FRESH SKI: I really tried to analyse rap and how it should be put together. You know... I was watching a documentary on BOB MONKHOUSE the other day on how he would study comedy in depth to work out what exactly made a joke funny, and I thought, knowing I would be speaking to you guys, that this was how I looked at MCs. You know, RUN DMC for instance there not as articulate as KRS ONE, but there some elements of them that are quite good, but on the other hand why does no-one like CHILL ROB G as much as other MCs because he had an unbelievable flow. Talk about flow he made it effortless. Like it was real natural. I had a long running argument with a friend who thought that KOOL G RAP was the simply the biggest thing ever, and I do like him and take my hat off to KOOL G RAP of course, but I just prefer the people that can do it quite naturally.

KID DYNO: That's why I like your style FRESH SKI, as someone who can do it, and knows he doesn't have to brag about that fact other than on record. Hence, no surrounding hype machine necessary to make up for the lack of skills.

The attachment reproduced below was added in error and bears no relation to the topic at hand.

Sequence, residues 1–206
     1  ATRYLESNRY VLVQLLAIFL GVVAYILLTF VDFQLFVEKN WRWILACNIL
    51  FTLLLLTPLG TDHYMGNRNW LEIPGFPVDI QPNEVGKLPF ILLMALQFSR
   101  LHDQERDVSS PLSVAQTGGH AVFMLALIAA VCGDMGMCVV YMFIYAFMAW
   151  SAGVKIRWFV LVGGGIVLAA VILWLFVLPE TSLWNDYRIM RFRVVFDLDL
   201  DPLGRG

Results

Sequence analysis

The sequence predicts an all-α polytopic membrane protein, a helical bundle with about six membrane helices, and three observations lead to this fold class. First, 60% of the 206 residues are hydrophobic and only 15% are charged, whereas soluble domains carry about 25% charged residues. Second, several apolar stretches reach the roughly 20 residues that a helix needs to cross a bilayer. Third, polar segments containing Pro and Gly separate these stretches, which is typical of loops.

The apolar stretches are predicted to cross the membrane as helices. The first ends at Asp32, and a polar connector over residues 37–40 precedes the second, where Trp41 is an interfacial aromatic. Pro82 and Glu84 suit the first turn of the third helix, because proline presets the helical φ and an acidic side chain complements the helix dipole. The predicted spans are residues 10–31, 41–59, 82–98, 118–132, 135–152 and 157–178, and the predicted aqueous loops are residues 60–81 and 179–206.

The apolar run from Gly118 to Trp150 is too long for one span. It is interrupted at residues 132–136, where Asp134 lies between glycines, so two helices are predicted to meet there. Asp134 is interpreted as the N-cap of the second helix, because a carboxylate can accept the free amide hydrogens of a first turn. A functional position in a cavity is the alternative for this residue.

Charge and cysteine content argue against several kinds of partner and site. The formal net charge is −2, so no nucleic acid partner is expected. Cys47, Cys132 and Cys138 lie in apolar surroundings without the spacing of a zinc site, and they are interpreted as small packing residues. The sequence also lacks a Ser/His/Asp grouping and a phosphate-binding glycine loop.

FRESH SKI: Yeah there was none of that shouting on my rhymes, in fact MO - did we record my voice twice?

MO: Yeah, on Pick Up On This, we layered it.

FRESH SKI: I thought so, cuz we needed to thicken up my voice a little.

KID DYNO: You have the voice for it too. GURU once said "It's mostly the voice" and I think that is very true. Some MCs could drop one dope line but if the voice weren't right......

FRESH SKI: Spot on! We were quite laid back about it all though, and I remember once MO's ex-girlfriend saying "when are you guys actually going to record something?"

MO: That's why LOGIC CONTROL MC's was released on CONSCIOUS MUSIC RECORDS before our record - I think they got fed up waiting for us to record our album. LAUGHS


MO: Mc’s Supreme & Wyse & QuickCut Jay

KID DYNO: So who else making UK hip hop records were you influenced by?